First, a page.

Eco-Futurism: To Save the Environment, We Must Change the Way We Think

By Sulaiman Ilyas-Jarrett, The Future Society

 

“We can’t solve problems by using the same kind of thinking we used when we created them”

– Albert Einstein

 

The future is a frightening place. It is, by definition, a collection of uncertainties, and so it is natural to approach it with caution.

 

As a result, most are slow to adapt, and seldom prepared. This means we carry old paradigms into new contexts, where they no longer hold true. An unwillingness to grapple with the fundamental changes technology may bring about, means we are often constrained by out-dated modes of thought.

 

A bias towards the status quo limits policy-makers and business leaders alike. This is particularly true in the public sector and larger corporations, with innovators often being confined to start-ups or university labs. While these certainly have their part to play, for environmental action to work we need the big players on board as well.

 

Our current environmental policy is being formed within a set of paradigms from as far back as the 1960s. Our emphasis on growth as a key economic indicator, our expectation that energy production will be centralised, even our meat-intensive diets; all of these are assumptions we inherit from the past, but are in many ways arbitrary. Other than convenience, there is no reason to carry them into the future.

 

If we have any hope of limiting global warming to the 2oC target set in 2015, we need bold and innovative strategies that step outside these kinds of assumptions.

 

From as far back as 2009, scientists from Stanford and the University of California have argued a total global transition to renewable energy is possible by 2030, yet the ambitious policies and investments needed to make that happen are nowhere to be seen.

 

This is in part because, outside of academia, we define ‘possible’ as how close something is to the current convention, not as what we can technically do. This must change. Otherwise, we will continue to replace harmful environmental policies with slightly less harmful ones, rather than designing strategies with a positive impact.

 

At The Future Society, we recognise that governments must be at the forefront of this agenda. Yet since the early 1990s, a combination of laissez-faire governance and the sheer speed of technological change has meant policy makers have been l eft on the back foot when it comes to innovation.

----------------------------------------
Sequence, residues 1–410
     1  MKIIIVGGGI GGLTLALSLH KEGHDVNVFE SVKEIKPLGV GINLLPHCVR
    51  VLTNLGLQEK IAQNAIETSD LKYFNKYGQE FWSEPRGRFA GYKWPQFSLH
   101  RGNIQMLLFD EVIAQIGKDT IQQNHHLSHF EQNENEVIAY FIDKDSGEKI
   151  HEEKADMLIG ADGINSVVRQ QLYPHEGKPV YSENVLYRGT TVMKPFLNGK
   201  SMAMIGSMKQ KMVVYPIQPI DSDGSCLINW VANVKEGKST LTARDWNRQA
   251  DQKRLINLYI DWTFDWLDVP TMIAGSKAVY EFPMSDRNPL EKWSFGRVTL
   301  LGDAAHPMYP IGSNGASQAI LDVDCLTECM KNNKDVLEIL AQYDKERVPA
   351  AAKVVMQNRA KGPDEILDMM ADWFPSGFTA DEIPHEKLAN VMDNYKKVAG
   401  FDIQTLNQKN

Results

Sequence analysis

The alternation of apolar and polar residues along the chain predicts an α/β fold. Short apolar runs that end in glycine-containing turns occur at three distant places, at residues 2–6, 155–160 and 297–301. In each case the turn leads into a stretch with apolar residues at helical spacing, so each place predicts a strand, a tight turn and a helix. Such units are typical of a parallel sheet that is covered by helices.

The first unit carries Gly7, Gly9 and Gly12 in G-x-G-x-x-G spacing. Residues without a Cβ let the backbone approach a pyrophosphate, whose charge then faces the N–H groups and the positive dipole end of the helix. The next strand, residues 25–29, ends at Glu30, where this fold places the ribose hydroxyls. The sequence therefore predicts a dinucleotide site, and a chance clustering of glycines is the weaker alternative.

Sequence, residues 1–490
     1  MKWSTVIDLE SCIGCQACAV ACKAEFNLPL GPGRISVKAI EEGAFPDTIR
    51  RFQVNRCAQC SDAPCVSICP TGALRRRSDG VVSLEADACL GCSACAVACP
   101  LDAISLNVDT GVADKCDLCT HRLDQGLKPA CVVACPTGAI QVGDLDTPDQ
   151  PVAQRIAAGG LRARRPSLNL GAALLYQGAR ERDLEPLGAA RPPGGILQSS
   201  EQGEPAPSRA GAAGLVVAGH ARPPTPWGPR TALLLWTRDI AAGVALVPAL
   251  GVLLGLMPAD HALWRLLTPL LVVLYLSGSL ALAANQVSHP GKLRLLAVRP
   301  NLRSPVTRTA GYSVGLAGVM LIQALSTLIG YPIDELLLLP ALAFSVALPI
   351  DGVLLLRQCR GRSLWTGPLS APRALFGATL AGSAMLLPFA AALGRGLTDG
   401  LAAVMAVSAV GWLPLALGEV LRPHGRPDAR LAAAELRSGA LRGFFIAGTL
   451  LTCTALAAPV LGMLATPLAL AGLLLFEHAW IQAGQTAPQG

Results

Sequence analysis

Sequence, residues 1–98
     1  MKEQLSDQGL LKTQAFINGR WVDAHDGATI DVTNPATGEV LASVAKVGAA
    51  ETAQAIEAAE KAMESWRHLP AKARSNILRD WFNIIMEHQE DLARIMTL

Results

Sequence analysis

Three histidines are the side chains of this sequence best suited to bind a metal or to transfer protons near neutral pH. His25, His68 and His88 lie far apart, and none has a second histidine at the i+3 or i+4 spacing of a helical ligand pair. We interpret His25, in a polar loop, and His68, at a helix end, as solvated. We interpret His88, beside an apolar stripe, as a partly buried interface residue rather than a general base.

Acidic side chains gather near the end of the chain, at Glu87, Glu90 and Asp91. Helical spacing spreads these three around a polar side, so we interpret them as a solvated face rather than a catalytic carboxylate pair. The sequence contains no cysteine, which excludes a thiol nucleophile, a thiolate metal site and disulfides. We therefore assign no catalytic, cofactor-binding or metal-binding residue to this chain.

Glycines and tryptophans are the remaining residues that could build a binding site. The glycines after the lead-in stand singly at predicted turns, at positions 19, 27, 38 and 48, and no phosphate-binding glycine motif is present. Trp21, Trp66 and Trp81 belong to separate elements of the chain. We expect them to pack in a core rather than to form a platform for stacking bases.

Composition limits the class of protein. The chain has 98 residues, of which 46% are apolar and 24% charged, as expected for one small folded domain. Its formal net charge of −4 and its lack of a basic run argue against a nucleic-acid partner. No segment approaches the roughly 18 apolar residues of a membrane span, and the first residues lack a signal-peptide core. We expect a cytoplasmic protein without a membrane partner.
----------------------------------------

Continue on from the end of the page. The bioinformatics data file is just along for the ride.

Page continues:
Things have mostly been left to the private sector, which has a crucial role to play in spreading new technologies, but lacks the incentive or capital to tackle long-term environmental issues head on. While a handful of smaller nations have managed to embrace imaginative government styles – notably Estonia, Costa Rica, and, to an extent, Rwanda – governments are often hesitant to reclaim ownership of innovation.

 

The purpose of the Eco-Futurism Project is to demonstrate the importance of environmental innovation, examining disruptive technologies and analysing what they mean for policy and governance. In this article series we will examine some of the biggest environmental challenges we face, including food production, energy, and waste. It is only by sketching out new paradigms that we will invalidate the old ones.

 

We need a space to explore these ideas holistically. To examine new technologies and to think about their wider societal impact. When it comes to renewable energy, for example, we must think beyond technical specifications. About how falling costs will mean more people produce their own energy, or how the intermittence of wind and solar should encourage flexible working days to prevent spikes in demand. About how this will interact with the proliferation of electric vehicles, how big data and artificial intelligence might make distribution more efficient, and what implications this will have for privacy. Or even cybersecurity on a national level. These are the kinds of questions we must ask.

 

To tackle the multitude of environmental issues we face, we need deep and disruptive change. We need to be bold. To encourage the cross-pollination of ideas, and to invest heavily in the research and development of green technologies.

 

But first and foremost, we must be imaginative. In order to inspire the innovative policies and private ventures we need, it is essential that we step outside present ways of thinking, to form a clear picture of the society we hope to create. Perhaps then, the future won’t seem so frightening.